You must define the mechanical, electrical and plumbing requirements of the sterile compounding facility. The mechanical aspects focus on heating, cooling and ventilation, the electrical aspects focus on providing power to all outlets and appliances and the plumbing aspects focus on the delivery of water and the draining of waste water. Cleanrooms usually have their own electrical panel. It is important to ensure that the building can supply the electrical power. The cleanroom HVAC (cooling and humidifying) and the anteroom’s sink require drainage and water supply.

Need help with the design of your cleanroom?

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3) Pressure differential

Cleanrooms are held in positive pressure, except when dealing with the compounding of hazardous preparations, which must be held in negative pressure. The most important thing between these three zones is the pressure differential. It is crucial that the pressure gradient of the clean zone be greater (at least 5 Pa) than the anteroom’s, and that the anteroom’s pressure gradient be greater (at least 5 Pa) than the support zone’s. Positive pressure will make the air flow out of the room instead of in. What this means is that the air in the clean room will have a tendency to leak out of the room, instead of in, thus preventing unfiltered air or air particulates from entering. That being said, in a hazardous compounding facility, it is the opposite: the pressure is negative in order to prevent air that might be contaminated by hazardous products from escaping the room. Therefore, the negative pressure pushes the air towards the “clean zone”.

pressure cascade differential cleanroom

Our team's tips!

HVAC for cleanrooms are different from conventional ones. The HVAC system (cleanroom ventilation and filtration) must be specified by HVAC cleanroom specialists in order to choose and engineer the appropriate system and maintain the required parameters (pressure differential, temperature, relative humidity).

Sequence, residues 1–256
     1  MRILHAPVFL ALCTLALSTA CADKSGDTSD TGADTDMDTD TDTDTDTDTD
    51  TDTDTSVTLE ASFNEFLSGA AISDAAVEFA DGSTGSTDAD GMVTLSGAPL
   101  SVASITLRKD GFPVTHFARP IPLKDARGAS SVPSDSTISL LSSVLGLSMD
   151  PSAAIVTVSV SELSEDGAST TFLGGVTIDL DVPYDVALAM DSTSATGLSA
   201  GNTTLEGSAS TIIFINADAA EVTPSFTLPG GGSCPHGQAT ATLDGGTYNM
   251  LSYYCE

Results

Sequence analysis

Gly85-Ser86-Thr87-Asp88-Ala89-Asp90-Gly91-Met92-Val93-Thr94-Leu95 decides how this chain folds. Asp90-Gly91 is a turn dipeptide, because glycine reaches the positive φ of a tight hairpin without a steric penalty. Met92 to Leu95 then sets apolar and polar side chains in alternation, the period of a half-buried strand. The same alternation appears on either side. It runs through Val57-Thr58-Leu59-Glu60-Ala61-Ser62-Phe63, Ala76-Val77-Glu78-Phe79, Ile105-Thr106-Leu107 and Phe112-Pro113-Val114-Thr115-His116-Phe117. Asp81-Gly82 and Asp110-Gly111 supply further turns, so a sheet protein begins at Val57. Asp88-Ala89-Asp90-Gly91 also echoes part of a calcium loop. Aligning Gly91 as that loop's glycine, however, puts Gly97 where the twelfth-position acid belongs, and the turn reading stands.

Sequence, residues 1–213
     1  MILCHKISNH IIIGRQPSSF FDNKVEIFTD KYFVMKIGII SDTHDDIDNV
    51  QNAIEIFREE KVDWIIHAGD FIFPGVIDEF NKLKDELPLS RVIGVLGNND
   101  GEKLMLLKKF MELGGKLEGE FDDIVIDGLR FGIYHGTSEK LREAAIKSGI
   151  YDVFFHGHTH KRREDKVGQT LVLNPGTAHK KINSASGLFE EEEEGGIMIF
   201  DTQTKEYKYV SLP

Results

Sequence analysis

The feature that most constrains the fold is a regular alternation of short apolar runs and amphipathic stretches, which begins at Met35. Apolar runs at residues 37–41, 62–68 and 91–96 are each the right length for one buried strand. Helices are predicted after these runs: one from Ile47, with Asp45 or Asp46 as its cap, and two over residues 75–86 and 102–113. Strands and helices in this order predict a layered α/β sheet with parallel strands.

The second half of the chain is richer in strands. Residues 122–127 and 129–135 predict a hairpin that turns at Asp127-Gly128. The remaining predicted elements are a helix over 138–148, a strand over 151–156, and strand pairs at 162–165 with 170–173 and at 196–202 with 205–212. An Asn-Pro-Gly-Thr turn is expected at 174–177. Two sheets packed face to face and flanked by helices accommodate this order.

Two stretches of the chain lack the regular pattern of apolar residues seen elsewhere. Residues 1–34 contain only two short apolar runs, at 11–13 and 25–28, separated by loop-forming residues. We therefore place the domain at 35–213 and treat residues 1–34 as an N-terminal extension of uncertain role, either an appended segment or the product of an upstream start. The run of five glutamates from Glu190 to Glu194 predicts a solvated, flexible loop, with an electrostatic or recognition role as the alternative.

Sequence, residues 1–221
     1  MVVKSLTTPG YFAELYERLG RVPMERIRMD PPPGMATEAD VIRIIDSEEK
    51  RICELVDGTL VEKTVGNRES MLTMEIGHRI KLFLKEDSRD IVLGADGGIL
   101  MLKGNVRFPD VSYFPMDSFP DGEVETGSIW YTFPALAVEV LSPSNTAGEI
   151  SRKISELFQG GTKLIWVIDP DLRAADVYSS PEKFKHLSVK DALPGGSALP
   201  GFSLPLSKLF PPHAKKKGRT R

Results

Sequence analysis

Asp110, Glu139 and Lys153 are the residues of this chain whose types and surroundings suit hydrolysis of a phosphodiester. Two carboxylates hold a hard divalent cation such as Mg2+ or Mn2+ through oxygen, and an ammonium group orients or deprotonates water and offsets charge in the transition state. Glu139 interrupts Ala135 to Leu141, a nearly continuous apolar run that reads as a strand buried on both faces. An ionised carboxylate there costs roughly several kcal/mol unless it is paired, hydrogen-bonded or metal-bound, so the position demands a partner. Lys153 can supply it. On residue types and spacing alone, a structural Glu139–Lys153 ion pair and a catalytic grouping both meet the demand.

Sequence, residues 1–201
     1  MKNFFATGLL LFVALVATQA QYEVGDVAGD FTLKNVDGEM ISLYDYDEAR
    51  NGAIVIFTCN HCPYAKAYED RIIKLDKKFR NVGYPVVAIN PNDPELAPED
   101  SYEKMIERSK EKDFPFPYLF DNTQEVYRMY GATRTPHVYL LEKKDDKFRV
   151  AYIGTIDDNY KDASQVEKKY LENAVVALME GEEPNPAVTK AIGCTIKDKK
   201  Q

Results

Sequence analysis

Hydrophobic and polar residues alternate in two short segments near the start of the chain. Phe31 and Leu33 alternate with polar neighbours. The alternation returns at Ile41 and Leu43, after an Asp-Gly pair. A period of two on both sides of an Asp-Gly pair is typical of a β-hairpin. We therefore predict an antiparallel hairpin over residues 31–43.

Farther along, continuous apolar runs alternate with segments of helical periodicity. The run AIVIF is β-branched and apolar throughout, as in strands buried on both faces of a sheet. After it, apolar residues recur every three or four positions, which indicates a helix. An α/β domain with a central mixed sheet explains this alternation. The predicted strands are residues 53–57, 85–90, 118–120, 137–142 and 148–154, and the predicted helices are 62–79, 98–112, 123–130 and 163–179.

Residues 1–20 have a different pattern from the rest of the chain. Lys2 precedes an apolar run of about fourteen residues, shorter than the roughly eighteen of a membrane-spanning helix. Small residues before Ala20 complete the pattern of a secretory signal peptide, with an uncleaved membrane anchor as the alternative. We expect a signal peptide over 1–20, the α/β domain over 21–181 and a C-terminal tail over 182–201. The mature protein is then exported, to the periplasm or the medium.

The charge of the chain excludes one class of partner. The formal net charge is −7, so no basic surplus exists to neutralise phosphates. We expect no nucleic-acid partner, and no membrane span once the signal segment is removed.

4) Heating, ventilation and air conditioning system (HVAC)

The HVAC system is the most important part of a cleanroom since it controls the supply of clean air to the cleanroom. The air intake comes from the ceiling, and is filtered through HEPA filters. The new air travels down the room, pushing the contaminated air to exits through return air intakes at the bottom of the walls. The air conditioning system is important for the employees’ comfort since wearing personal protective equipment can be quite hot. The air changes per hour (ACPH) must be of at least 30 in the clean room and of 20 ACPH in the anteroom, but may have to be greater depending on the size of the room, the number of people working inside, etc.

non-unidirectional-airflow-cleanroom

Our team's tips!

  • Even though regulations recommend 30 changes per hour for the clean room and 20 for the anteroom, we always design our cleanroom HVAC with a slightly higher air changes per hour, for example 40 ACPH (instead of 30) for the clean room and 30 ACPH (instead of 20) for the anteroom. This higher rate gives you time to notice a problem and fix it without having to stop operations inside the cleanroom. For example, if a HEPA filter gets dirty, the cleanroom’s higher ACPH will compensate and your cleanroom will remain compliant, giving you time to replace it. Another common example is if you decide to make small changes to the configuration inside your cleanroom. With higher air changes per hour, the air quality is less likely to be affected by the new configuration. Finally, to err is human, therefore even though you have a strict operating protocol, a higher ACPH can also compensate for a human mistake.

 

  • Another important aspect in cleanroom design and which is often forgotten is humidity. Most regulations do not mention anything about this functional parameter, however it is important for your employees’ comfort. From our experience, the clean room tends to become very dry. For this reason, we often suggest our clients to install a humidifier in their cleanrooms. You can be sure your employees will be thanking you for it.

 

 

DISCLAIMER

The information, statements, opinions and analyses provided by MECART in this document is designed to provide helpful and educational information on the subjects discussed.  The views and opinions expressed herein constitute the judgment of the authors and are subject to change without notice.  MECART has made every reasonable effort to ensure the accuracy of all the information contained in this document.  However, MECART makes no representations or warranties whatsoever whether express or implied as to the accuracy, validity, correctness, currentness, completeness, suitability for any purpose of such information.  Any project is different in nature and the statements provided herein shall not be deemed appropriate or relied upon for any specific application or project without subsequent analysis, evaluation, verification and assessment. MECART hereby declines any liability for any error, damage, loss, injury or other consequence which may arise from use in any manner of any information contained in this document. The advice of a competent professional should be sought before entering in any project.